A review of the penultimate episode of The Good Place, “Patty,” coming up just as soon as I sign like a middle-school girl with a crush on Zac Efron…
What happens when you die?
Of all the Big Questions humanity has been asking going back to the caveman days, that one’s probably the biggest, because there is no way of definitively answering it. You can believe, you can guess, you can wonder, but you can’t know. It is a key subject for most organized religions — even the ones that answer, “We don’t really know, so just try to be good while you’re alive” — and for an awful lot of popular culture.
It has not, weirdly, been one of the dominant concerns of The Good Place. The series largely takes place in the afterlife, but it uses that setting more as an examination of how to be the best person you can possibly be during the short time we have here on Earth. When I interviewed the cast and Mike Schur last summer, I asked if any of them thought differently about life after death as a result of working on this show; nearly all responded the way Kristen Bell did, saying they’d spent a lot more time thinking about morality than heaven or hell.
Still, it’s hard for a show covering this metaphysical territory not to offer some opinions on the subject. As early as the show’s second episode, for instance, Eleanor was arguing that the whole Good/Bad binary was unfair to people like her, and that there should be a Medium Place. (“Like Cincinnati!”) And in this closing arc about rewriting the laws of the cosmos to make them more fair, the series is explicitly saying that eternal damnation is a bad idea for all but the worst of the worst monsters, and maybe not even all of them.
As The Good Place finally arrives in the actual Good Place, it has a surprising parallel argument: that eternal paradise is no picnic, either.
The series has put off our arrival in its version of heaven for so long that it can’t possibly live up to our imaginations. And it really doesn’t. It’s… the Getty Center in L.A.! Things magically appear when people think about them, like Eleanor’s dream sunglasses or Michael’s bag of weed, but that’s no more magical than anything Janet did back in the fake Good Place we spent so much time in. (If anything, it left me wondering what purpose Janets serve in such a place.) And the party the four friends conjure by walking through the portal arm-in-arm seems to owe much more to Jason’s Jacksonville days than anything else.
But “Patty” also covers for this in a few ways. First, Janet explains to the others that while the Good Place slaps, it’s also too much for newbies to experience all at once. So what we’re seeing isn’t the full version of the place, but a relatively toned-down one that just has some nice flourishes, like the candies that make you fully understand the meaning of Twin Peaks.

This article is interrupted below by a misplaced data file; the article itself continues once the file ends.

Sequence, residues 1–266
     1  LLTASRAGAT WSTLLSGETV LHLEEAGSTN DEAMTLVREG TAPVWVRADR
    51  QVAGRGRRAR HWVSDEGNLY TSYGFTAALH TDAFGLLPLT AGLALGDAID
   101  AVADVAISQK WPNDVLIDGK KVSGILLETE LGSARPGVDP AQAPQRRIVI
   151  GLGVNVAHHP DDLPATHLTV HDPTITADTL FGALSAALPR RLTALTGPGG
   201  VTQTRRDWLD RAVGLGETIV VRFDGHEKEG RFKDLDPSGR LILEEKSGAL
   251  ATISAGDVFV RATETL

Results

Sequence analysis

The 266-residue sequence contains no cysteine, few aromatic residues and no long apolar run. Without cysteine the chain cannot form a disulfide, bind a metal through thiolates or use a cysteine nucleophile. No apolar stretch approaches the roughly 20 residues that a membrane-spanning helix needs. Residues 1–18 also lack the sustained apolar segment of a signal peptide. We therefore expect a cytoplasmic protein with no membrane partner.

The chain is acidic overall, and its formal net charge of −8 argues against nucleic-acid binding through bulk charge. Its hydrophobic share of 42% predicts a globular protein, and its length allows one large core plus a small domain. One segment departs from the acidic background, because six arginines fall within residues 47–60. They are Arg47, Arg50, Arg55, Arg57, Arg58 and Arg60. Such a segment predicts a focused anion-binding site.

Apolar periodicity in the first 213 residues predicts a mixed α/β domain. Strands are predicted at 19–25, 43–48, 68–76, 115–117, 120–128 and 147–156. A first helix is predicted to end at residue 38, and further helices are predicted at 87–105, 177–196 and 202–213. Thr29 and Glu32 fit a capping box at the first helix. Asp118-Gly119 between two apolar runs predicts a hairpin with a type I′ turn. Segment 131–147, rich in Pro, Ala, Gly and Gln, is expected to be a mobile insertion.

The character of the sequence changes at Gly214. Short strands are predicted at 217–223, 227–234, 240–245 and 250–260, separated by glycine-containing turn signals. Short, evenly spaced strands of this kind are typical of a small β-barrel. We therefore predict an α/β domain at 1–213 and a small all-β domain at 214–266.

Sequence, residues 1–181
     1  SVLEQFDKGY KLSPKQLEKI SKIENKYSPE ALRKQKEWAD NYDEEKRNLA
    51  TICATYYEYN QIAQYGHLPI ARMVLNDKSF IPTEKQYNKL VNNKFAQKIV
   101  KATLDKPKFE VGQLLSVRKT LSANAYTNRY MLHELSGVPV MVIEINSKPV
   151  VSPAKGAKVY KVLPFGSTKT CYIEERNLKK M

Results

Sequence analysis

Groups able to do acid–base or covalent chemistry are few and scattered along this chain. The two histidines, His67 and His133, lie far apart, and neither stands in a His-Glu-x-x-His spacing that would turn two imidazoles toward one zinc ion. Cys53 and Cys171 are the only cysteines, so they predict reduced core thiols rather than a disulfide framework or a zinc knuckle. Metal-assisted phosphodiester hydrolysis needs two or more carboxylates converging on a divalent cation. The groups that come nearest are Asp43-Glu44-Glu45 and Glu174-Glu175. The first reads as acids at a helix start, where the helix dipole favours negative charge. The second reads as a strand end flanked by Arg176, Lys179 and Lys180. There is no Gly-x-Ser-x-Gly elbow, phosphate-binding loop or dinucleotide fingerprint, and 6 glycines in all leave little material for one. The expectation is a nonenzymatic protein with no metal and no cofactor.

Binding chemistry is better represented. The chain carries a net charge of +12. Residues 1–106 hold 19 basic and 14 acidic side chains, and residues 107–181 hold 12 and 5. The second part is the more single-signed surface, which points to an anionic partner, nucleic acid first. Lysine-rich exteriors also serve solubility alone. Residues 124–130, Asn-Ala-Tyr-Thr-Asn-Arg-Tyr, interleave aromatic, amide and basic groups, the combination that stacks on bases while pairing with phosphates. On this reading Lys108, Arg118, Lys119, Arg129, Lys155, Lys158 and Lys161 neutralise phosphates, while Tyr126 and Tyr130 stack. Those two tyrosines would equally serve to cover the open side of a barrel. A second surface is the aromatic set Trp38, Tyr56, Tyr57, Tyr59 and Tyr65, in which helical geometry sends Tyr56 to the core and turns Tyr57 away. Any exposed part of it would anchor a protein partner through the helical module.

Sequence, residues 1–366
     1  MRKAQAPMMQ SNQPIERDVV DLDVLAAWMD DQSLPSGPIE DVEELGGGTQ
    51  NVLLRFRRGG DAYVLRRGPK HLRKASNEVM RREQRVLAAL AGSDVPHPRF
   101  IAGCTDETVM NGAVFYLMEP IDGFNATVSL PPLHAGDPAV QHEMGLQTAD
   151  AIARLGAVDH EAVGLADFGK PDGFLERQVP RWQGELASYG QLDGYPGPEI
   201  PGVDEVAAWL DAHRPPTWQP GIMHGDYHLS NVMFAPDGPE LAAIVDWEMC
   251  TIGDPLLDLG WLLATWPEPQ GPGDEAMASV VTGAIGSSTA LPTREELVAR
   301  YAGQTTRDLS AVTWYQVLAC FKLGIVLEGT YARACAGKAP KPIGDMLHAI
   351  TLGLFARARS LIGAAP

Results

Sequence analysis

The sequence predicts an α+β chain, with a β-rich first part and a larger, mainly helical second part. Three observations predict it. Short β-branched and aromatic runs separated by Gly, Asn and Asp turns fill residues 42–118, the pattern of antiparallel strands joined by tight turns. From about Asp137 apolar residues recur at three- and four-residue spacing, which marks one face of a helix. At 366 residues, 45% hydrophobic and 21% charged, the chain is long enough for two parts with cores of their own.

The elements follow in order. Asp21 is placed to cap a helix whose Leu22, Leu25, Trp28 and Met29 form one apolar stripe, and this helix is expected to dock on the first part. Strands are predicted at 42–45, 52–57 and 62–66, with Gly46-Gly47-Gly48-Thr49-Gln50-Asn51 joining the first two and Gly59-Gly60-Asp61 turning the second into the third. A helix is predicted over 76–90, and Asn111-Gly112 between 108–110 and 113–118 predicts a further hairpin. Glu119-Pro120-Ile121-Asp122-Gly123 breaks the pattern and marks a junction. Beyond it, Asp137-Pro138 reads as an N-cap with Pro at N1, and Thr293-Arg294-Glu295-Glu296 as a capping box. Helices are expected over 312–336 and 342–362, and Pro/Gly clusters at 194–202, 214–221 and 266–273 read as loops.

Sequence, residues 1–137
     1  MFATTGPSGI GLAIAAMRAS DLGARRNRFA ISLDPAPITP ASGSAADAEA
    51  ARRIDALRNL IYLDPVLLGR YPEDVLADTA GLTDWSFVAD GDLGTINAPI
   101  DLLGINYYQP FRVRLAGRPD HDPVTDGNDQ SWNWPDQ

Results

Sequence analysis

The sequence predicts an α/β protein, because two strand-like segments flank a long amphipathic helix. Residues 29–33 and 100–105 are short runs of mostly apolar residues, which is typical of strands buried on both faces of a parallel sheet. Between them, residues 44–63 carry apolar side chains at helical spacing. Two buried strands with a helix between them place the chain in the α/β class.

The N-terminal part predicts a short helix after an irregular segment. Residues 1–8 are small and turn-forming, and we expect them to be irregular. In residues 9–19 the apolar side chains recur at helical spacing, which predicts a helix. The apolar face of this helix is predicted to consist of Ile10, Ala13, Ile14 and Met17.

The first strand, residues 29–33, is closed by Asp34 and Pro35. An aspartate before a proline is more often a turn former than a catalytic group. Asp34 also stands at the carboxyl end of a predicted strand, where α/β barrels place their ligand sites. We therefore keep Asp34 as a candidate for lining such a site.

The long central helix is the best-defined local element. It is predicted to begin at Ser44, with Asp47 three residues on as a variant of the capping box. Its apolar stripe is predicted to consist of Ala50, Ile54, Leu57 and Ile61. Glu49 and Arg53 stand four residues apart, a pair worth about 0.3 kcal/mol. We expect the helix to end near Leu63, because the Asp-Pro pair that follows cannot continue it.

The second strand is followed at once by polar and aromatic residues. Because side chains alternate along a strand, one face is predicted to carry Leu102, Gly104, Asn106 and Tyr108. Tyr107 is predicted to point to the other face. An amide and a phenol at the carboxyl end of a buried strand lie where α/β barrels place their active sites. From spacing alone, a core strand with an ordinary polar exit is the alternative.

More importantly, though, “Patty” reveals the Good Place to be as fundamentally broken as every other corner of life and the afterlife we’ve glimpsed so far across the series. It doesn’t seem awesome because it isn‘t awesome.
We learn this in the form of our title character, better known as Hypatia of Alexandria, and played here with the necessary mix of whimsy and realism by Lisa Kudrow. Hypatia has been dead for 16 centuries, and even if you convert that into Jeremy Bearimys, it’s an awfully long time to spend anywhere, even a place where your every wish is fulfilled. The Good Place is, as Eleanor succinctly puts it, the vacation that never ends, and the only way to fix the problem is to give everyone a chance to end it.
On the one hand, this is a sad statement from one of the more hopeful creative teams in TV history (here with Megan Amram writing the script). On the other, this is something I have thought about a disturbing amount over my cosmically brief lifetime. If there is a heaven, then I imagine time would have to work very differently there than it does for us, but forever is ultimately still forever. And when you talk about something lasting an eternity, that isn’t usually meant to be a positive description.
“Patty” nimbly managed to bring the story of the afterlife itself to a close even as it offered some more surreal hijinks involving our favorite dum-dums. Jason’s desire to race go-karts against monkeys proved both a durable running gag and an effective symbol (albeit an off-camera one) of how quickly the Good Place can get old, while Eleanor’s pleasure at realizing Michael smoked the weed made me smile broadly, right before I began giggling again at Ted Danson playing stoned.
But solving the latest crisis this way suggests a finale we are all going to have to brace ourselves for. With every universal problem handled for the moment, and our heroes all getting to enjoy their reward, the only thing that seems left to happen is the moment when each of them chooses to go through that final portal and bring their time to a definitive end. And seeing the eternal deaths of Jason and Tahani and Chidi and Eleanor is… not something I am quite ready for yet, nor maybe will be in a week. Stock up on tissues.